• When they were building their products they focused on: relevance -> quality -> affordability. In that order. For example, relevance – what does your customer need? Samir and his team didn’t have enough information to start this design process so they set out to answer this question first and foremost.
  • SunCulture is as customer centric as it gets. They didn’t have enough data points to know what was needed so they put a plan in place to get their data directly from farmers. What is relevant to a farmer? (How deep to you pull water from? How much water? What services? Etc.)
  • He admits they have learned a lot along the way. A big learning is that it is not responsible to let price drive specification. You need to let specification drive price. Investors often want you to make a product for a certain price point, but Samir warns that this is not how you build products that make sense for customers.
  • SunCulture is dedicated to building solutions for their customers with their customers. It’s important that their customers are actively engaged in this process.
  • SunCulture has built feedback loops with their customers in order to keep getting data. When it is decision time – you are not making the decision, but the customer is (based on the data and feedback that you have collected over time.) Important to create and invest in these channels to allow this dialogue to happen.
  • Path to success is through the customer. At the end of the day – Samir and his employees are not farming. His customers are using the products and they know what they need best!
  • If you are not close to your customer, you are going to have a hard time succeeding. It is important that everyone on your team feels this way too.

Links to Resources:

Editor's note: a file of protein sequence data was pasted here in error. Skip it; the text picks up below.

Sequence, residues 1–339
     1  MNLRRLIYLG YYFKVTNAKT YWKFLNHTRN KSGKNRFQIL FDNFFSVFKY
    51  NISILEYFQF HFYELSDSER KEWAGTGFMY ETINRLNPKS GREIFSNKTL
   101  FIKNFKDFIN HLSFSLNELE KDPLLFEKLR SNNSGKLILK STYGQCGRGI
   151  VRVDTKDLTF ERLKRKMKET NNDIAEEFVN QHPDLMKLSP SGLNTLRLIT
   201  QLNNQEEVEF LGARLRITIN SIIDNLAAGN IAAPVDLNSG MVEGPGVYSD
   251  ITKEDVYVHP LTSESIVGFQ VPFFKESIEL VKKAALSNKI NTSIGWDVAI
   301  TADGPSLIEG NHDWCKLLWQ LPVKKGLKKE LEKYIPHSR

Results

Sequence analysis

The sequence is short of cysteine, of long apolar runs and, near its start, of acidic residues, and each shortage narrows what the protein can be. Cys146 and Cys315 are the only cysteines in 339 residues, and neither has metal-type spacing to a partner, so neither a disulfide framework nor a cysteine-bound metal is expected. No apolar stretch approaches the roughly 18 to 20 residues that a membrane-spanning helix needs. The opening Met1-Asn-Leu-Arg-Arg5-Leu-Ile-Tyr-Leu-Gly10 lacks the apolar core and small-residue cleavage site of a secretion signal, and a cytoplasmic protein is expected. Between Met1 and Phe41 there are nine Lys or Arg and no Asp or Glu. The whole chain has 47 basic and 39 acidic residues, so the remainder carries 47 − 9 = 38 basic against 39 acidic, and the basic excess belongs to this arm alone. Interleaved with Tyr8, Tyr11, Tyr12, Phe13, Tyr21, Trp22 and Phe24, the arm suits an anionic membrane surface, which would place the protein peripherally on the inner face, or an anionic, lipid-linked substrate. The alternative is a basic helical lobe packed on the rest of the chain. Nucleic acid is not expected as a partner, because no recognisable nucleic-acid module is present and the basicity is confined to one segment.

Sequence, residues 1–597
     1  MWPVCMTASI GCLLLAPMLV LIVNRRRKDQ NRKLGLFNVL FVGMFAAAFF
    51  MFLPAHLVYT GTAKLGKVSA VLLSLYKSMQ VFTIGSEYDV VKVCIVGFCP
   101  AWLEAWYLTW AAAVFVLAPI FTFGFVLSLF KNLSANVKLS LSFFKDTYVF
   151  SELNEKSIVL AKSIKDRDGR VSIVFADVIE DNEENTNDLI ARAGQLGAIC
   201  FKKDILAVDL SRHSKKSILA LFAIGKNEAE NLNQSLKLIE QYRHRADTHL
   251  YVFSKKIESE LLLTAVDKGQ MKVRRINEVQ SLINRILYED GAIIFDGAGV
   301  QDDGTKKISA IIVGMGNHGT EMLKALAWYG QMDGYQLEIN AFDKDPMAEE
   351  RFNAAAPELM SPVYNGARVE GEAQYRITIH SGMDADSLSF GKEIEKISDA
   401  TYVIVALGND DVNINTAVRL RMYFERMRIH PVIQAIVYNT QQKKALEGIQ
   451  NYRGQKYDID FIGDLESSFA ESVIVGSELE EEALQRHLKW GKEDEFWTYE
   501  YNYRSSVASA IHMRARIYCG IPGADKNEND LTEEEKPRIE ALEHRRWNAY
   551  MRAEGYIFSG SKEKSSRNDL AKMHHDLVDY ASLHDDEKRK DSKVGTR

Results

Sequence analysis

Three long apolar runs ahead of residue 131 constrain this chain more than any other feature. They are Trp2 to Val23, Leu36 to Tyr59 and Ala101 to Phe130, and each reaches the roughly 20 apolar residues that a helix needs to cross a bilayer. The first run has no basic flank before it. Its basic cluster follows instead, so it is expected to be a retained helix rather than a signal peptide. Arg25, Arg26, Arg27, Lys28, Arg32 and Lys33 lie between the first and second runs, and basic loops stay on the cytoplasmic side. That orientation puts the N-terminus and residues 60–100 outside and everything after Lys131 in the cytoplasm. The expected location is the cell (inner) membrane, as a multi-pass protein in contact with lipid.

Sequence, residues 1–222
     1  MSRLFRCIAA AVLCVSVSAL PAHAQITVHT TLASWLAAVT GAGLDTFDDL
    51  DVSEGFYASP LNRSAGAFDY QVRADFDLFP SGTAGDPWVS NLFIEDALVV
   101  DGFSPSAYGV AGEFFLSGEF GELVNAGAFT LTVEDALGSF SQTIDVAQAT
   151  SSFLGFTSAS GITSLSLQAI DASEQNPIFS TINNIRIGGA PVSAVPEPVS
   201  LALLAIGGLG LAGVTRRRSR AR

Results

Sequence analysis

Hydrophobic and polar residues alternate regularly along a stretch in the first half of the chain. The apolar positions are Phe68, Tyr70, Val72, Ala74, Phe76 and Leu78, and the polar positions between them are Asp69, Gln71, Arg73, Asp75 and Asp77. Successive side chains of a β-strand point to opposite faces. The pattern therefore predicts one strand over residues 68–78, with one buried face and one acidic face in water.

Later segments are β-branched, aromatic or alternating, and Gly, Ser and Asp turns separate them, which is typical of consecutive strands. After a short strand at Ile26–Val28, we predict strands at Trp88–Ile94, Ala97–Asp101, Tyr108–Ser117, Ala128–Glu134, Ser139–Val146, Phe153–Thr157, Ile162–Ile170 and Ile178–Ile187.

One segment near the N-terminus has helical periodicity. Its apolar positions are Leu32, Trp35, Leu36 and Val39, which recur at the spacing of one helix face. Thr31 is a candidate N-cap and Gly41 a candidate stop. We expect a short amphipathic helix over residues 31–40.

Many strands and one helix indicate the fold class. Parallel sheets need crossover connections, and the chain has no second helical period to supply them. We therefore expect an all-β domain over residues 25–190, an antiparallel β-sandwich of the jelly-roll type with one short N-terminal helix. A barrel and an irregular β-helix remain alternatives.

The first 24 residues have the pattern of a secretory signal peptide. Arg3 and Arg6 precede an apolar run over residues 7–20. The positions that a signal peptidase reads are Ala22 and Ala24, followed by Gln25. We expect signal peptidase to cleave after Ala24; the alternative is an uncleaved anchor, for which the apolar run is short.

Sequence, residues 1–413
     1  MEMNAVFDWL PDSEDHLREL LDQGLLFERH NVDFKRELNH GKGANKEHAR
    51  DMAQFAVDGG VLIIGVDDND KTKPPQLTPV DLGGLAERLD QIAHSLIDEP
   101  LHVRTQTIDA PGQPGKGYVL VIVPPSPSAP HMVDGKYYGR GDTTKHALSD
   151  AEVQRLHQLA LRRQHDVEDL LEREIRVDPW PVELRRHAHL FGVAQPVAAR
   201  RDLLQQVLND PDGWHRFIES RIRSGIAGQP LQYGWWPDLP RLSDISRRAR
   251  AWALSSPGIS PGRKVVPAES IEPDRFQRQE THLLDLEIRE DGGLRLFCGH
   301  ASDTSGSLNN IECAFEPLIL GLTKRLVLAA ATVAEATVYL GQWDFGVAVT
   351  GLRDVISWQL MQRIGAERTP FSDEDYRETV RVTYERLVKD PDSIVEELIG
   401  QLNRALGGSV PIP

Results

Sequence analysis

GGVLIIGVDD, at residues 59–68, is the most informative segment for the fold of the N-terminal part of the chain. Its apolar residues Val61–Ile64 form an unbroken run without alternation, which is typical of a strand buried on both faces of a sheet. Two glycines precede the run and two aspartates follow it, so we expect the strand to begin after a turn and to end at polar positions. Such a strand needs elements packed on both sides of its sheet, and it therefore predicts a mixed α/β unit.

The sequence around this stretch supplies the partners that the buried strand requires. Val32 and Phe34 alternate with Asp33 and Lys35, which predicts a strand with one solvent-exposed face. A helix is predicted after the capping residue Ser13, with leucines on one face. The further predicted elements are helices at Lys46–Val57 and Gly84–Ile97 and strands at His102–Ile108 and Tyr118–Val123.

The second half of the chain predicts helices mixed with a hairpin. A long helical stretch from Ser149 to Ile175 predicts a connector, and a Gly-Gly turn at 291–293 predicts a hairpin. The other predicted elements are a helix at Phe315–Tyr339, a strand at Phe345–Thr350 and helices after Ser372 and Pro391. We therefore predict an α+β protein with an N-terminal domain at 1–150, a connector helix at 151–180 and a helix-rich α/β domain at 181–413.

Connect with Samir:

What was your favourite lesson from this episode? Let me know on Twitter by clicking here!

FindingImpact RoundUp

FIP 59: 11 Social Entrepreneurs Answer “What I Wish I’d Known Before Starting My Social Enterprise”

In this week’s episode, I’m trying something new. Instead of just hearing from one guest, you’ll hear from 11.

I asked several past guests on the show “What do you wish you’d known before starting your social enterprise?” On this episode, you’ll hear responses from the following awesome folks:

Each of the guests this week have been brutally honest and candid in their responses, sharing their hard won lessons, since starting out on their journey.

The first few years of a social enterprise’s journey are not going to be easy. With these words of wisdom, I hope you’ll learn that everyone wishes they knew more when starting out – there’s never enough you can know. You’ve got to trust you’re on the right path, and taking strength from this community, stick to your vision.

Thanks for tuning in to this special episode. If you’ve got some feedback you’d like to share, please leave a comment below, or reach me via the contact form.

If you enjoyed this episode, please share it using the social media buttons at the bottom of the post.

Also, I’d love it if you could leave a review of The Finding Imapct Podcast on iTunes. This will help me reach a broader audience – I’d be hugely appreciative.


What was your favourite lesson from this episode? Let me know on Twitter by clicking here!

premal shah finding impact

FIP 58: David Auerbach Interviews Premal Shah of Kiva

Once again, David Auerbach takes the mic to find out from other social entrepreneurs how they go about making critical decisions. This week, Premal Shah of Kiva is David’s guest. Premal is President and Co-Founder of Kiva and is a long time friend and mentor of David. For the few who don’t know, Kiva is the world’s first online lending platform connecting online lenders to entrepreneurs across the globe. We’re honoured to have Premal on the show.

On this episode you’ll learn:

  • How Premal approached David when he was working at the Clinton Global Initiative, and how that first encounter contributed to an incredible chain of events that got Kiva on Oprah’s radar, and which gave Kiva the most impressive endorsement any organization could want.
  • We learn about Premal’s early life and the various insights on that journey that were motivating forces to him co-founding Kiva. One was working at PayPal for six years and seeing the unfolding opportunities of eCommerce. Another was how eBay, which was connecting two strangers to buy and sell items, was taking off worldwide.
  • Premal shares why he left PayPal to start Kiva, which he saw as a “can’t not do” idea.